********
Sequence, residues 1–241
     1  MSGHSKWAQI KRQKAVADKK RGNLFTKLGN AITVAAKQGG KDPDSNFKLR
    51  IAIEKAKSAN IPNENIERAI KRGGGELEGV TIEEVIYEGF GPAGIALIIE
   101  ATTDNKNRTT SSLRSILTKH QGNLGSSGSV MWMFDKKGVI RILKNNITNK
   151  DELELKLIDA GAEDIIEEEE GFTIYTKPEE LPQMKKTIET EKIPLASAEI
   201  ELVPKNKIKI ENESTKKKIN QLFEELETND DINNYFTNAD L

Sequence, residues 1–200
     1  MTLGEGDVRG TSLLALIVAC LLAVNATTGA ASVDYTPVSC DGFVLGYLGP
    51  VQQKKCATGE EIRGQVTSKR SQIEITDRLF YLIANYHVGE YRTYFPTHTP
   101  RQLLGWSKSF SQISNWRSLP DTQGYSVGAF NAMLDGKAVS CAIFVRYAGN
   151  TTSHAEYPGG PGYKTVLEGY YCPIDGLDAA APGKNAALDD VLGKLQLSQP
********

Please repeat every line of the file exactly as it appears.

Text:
Sequence, residues 1–241
     1  MSGHSKWAQI KRQKAVADKK RGNLFTKLGN AITVAAKQGG KDPDSNFKLR
    51  IAIEKAKSAN IPNENIERAI KRGGGELEGV TIEEVIYEGF GPAGIALIIE
   101  ATTDNKNRTT SSLRSILTKH QGNLGSSGSV MWMFDKKGVI RILKNNITNK
   151  DELELKLIDA GAEDIIEEEE GFTIYTKPEE LPQMKKTIET EKIPLASAEI
   201  ELVPKNKIKI ENESTKKKIN QLFEELETND DINNYFTNAD L

Sequence, residues 1–200
     1  MTLGEGDVRG TSLLALIVAC LLAVNATTGA ASVDYTPVSC DGFVLGYLGP
    51  VQQKKCATGE EIRGQVTSKR SQIEITDRLF YLIANYHVGE YRTYFPTHTP
   101  RQLLGWSKSF SQISNWRSLP DTQGYSVGAF NAMLDGKAVS CAIFVRYAGN
   151  TTSHAEYPGG PGYKTVLEGY YCPIDGLDAA APGKNAALDD VLGKLQLSQP